Brain Pathology Case of the Month - November 2008

Contributed by Evriviadis Mpairamidis1, MD, George A Alexiou1 , MD, Kalliopi Stefanaki 2, MD, PhD,
     Manolakos Ilias1 , MD, Sfakianos George1, MD, PhD and Prodromou Neofytos1, MD, PhD
1Department of Neurosurgery, 2 Department of Pathology, Children's Hospital ''Agia Sofia'', Athens, Greece.


A 12-year-old male was admitted to our hospital complaining of right upper limb tremor, loss of the normal capacity to modulate fine voluntary movements with his right hand and headache, lasting for over a month. On neurological examination dysdiadochokinesia and intention tremor of the right upper limb was noted. A computed tomography (CT) scan was performed and revealed a large lesion expanding in the right cerebellar hemisphere, compressing the fourth ventricle which was occluded. Magnetic resonance imaging (MRI) of the brain demonstrated the same space-occupying lesion in the fourth ventricle measuring approximately 4 3.8 4 cm. It was hypointense on T1-weighted images (Fig.1), medium intense on T2 and FLAIR sequences, and heterogeneously enhanced after gadolinium administration (Fig. 2). The lesion was surrounded by edema and caused displacement of the cerebellar vermis and pons. A suboccipital midline craniotomy was performed, the cerebellar vermis was split and the lesion was totally excised.


Macroscopically, the resected tumor had a varied appearance with evidence of old and recent hemorrhage, necrosis and areas of firm tissue. Histological examination revealed extensive infiltration of cerebellar tissue by a cellular malignant tumor (Fig. 3) composed of round and spindle cells with eosinophilic cytoplasm, moderate-severe nuclear atypia and brisk mitotic activity (Fig. 4). Characteristic features were: a) the presence of numerous giant mononuclear and multinuclear neoplastic cells, b) the presence of geographic necrosis (necrosis with palisading) (Fig. 5), c) glomeruloid microvascular hyperplasia, and d) the infiltrating pattern of invasion into the adjacent parenchyma. Immunohistochemistry showed rare GFAP expression in the neoplastic cells, while there was no expression of synaptophysin, neurofilament, Neu-N (a marker of neurons) and Epithelial Membrane antigen (EMA). The INI-1 protein retained nuclear expression in the tumor component. The Ki-67/MIB-1 proliferative index was detected in >70% of the nuclei (Fig. 6) and p53 protein in 90% of them. No EGFR expression was observed.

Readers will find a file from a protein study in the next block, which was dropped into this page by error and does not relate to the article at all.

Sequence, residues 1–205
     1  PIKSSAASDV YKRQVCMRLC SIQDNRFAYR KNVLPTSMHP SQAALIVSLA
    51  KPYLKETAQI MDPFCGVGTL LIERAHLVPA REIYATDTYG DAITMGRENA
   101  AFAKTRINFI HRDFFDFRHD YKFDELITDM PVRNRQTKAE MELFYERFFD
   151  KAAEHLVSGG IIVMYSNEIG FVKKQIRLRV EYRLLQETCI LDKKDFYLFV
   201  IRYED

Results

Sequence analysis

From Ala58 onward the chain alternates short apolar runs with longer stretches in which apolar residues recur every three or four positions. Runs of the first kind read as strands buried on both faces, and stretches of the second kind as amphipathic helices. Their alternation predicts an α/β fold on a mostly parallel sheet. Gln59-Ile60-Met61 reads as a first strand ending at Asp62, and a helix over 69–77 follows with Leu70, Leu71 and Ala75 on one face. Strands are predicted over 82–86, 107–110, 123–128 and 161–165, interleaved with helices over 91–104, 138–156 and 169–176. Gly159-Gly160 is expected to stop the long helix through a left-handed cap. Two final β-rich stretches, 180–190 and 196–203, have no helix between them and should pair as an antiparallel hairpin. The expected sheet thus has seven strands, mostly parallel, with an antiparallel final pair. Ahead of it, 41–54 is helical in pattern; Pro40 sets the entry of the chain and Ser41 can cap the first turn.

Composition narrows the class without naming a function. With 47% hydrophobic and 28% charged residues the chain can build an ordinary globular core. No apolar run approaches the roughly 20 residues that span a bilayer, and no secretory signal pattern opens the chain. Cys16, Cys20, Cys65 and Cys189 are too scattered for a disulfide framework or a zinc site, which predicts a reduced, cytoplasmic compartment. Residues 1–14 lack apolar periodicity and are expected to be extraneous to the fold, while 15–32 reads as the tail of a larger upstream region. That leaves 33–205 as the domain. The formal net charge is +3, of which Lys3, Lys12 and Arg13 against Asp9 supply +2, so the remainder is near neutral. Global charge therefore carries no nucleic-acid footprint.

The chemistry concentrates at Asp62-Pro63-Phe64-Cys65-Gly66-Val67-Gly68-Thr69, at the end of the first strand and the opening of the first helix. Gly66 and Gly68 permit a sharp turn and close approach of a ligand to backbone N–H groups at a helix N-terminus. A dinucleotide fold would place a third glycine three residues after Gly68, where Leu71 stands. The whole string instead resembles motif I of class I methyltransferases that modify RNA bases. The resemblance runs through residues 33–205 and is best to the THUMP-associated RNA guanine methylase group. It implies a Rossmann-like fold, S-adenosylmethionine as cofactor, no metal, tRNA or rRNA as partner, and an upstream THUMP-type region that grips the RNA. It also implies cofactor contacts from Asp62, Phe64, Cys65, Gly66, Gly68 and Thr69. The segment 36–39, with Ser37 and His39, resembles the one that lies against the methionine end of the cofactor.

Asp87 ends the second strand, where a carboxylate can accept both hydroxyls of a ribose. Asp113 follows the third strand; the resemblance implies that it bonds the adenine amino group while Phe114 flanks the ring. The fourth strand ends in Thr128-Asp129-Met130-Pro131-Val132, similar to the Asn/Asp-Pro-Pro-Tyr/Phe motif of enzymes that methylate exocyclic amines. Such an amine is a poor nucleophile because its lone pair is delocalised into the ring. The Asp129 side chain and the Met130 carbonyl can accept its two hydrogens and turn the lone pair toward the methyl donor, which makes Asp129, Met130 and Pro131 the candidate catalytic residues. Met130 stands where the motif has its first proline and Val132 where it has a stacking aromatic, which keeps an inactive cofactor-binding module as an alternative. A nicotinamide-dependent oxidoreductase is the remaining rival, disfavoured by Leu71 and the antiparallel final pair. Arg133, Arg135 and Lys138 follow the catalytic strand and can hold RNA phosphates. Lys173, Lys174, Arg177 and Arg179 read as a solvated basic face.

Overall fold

International Society of Neuropathology